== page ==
While writing a few small wrapper functions may not be difficult, the task becomes tedious as the number of functions increases. Luckily, most scripting languages have code-generation tools. For example, Perl is packaged with xsubpp and h2xs, and Python is packaged with modulator. Tcl has a variety of automated wrapper generators. Sometimes, large packages are bundled with special-purpose interface generators, but these tend to be domain specific.

These tools can simplify the interface-generation process, but they are usually specific to a single scripting language and can be limited in their ability to handle common C idioms such as pointers, arrays, structures, and classes. In addition, extension tools can be poorly documented and misunderstood by users. Consequently, the development of scripting-language extensions seems to be confined to the world of scripting gurus, not everyday application developers.


SWIG uses a subset of ANSI C/C++ syntax that has been extended with additional directives. The idea behind SWIG is simple: Given a list of ANSI C prototypes, the glue code (or "interface") is automatically constructed to the chosen scripting language without having to worry about the underlying technical details. As for implementation details, SWIG is an extensible system consisting of a common interface parser and collection of "language modules" that are used for code generation and documentation; see Figure 1. This design lets SWIG support multiple scripting languages and allows SWIG to be extended with new capabilities.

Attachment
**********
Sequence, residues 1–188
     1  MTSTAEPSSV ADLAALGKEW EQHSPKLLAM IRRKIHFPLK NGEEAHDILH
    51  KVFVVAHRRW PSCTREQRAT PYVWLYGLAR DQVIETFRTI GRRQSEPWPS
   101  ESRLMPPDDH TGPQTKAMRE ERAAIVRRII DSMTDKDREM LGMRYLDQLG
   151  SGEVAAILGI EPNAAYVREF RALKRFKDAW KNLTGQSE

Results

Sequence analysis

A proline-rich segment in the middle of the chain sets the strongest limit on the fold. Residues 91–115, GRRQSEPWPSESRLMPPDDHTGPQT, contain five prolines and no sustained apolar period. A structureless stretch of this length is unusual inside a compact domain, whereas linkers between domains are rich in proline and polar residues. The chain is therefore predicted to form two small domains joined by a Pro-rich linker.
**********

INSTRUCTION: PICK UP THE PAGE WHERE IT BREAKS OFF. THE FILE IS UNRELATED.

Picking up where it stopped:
SWIG does not require modifications to existing C code and is relatively easy to apply to existing systems. Interfaces are defined entirely by the input to SWIG, and the output is a fully functional scripting-language module that should never have to be modified. Finally, SWIG is designed to be as transparent as a C compiler.

To illustrate the idea behind SWIG, consider the factorial function previously described. Rather than writing wrappers, you would write the SWIG interface file in Example 1. In this interface file, you specify the name of the extension module and list the ANSI C prototypes of functions that you would like to access.

To create the wrapper code, you run SWIG with an appropriate command-line option (-perl5, -python, -tcl, -guile, etc.). This produces a C file that needs to be compiled and linked with the rest of your C program into a shared library or DLL. Should you decide to use a different scripting language, you can easily run SWIG with a different command-line option and recompile the resulting wrapper code.

At this point, you can start using your C functions from the chosen scripting language; see Example 2. In the process of creating the scripting interface, SWIG turns C functions into scripting-language commands, C variables into scripting variables, and so on. You can view the resulting interface as an interpreted extension of the underlying C code; that is, you can interactively call C functions, write test scripts, prototype new features, and so forth.

The SWIG Pointer Model